recycled library: altered books exhibition
It was with trembling knees and more than just a little trepidation that I entered the State Library of NSW to check out the exhibition Recycled Library: Altered books. I’ve always been taught to treat my books with care (even second hand books bought for $1 from Vinnies) and I was about to enter what some have called a land of book torture. I was horrified. I felt worried on behalf of the book that lay within the safety of my handbag. Was it too late to break these books out and sticky tape them back together to their former glory? This exhibition seemed to be attacking something that I love dearly. Or was it actually celebrating these objects that seem to be drifting out of people’s lives?
When you enter the exhibition you are greeted with two cavernous, dark exhibition rooms filled predominantly with books. It feels quite strange at first as most works are (obviously) book sized and it feels rather empty. There’s also the problem of a touring exhibition of books, turned artworks, which is that you can’t touch them, despite the importance of the fourth dimension of these works, “with the fourth dimension being time taken to handle, open and ‘read’.” Where these artworks usually live, at Artspace Mackay, visitors are allowed to experience this relationship between the viewer and the work by touching them and thumbing through them. Obviously in a touring exhibition this can’t be achieved so the artworks become even more like objects in an old-fashioned curiosities cabinet. It almost makes you feel sorry for these captured, battered and beaten books in their little glass resting places. Is this where books are heading? Savaged by kindles, ibooks, audio books and online publications (yes, I note the irony). I know that for me books will always have a special place on my shelf and in my hands, but this exhibition makes you think about the object that is the book as it’s ripped and torn apart, bound and nailed.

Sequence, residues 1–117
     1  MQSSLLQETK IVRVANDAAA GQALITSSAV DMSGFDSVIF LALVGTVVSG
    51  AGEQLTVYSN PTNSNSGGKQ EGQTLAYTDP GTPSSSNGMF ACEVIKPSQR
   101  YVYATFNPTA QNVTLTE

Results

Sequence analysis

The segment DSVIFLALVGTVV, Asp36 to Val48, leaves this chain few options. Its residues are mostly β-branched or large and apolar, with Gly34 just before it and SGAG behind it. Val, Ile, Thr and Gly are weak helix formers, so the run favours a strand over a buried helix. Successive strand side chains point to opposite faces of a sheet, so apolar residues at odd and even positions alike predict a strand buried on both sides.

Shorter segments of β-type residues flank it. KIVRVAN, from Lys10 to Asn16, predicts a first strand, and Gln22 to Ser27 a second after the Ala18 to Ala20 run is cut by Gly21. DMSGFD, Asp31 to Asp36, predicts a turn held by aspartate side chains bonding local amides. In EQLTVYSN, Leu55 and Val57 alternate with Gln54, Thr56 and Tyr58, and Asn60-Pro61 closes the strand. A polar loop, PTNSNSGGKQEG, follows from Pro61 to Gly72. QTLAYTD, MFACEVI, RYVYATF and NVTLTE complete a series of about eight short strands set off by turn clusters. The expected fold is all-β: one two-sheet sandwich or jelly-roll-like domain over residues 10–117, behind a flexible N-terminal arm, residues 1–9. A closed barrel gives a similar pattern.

In Stigmata and Codex Series coloured nails are driven through books to sacrifice one object: the book, to make another: the artwork. The books are impaled with nails and the words within them, where meaning is derived from, are obscured. There is also a strange rhythmic aesthetic beauty created from the pattern of the nails and there is also a secret code made from the letters that each nail touches. In Schach #1 (circle) / Schach #2 (triangle) / Schach #3 (square) Alex Selenitsch carves into books and in Maltheism Archie Moore creates a pop-up church in the folded pages from the Bible. These artworks delve into the creation of meaning found within the object that is the book in an interesting way.
Whether it is celebrating the printed page or announcing its death, this exhibition is working checking out before it finishes this Friday, 22 June at the State Library of NSW or on tour elsewhere. Just make sure you hide your books.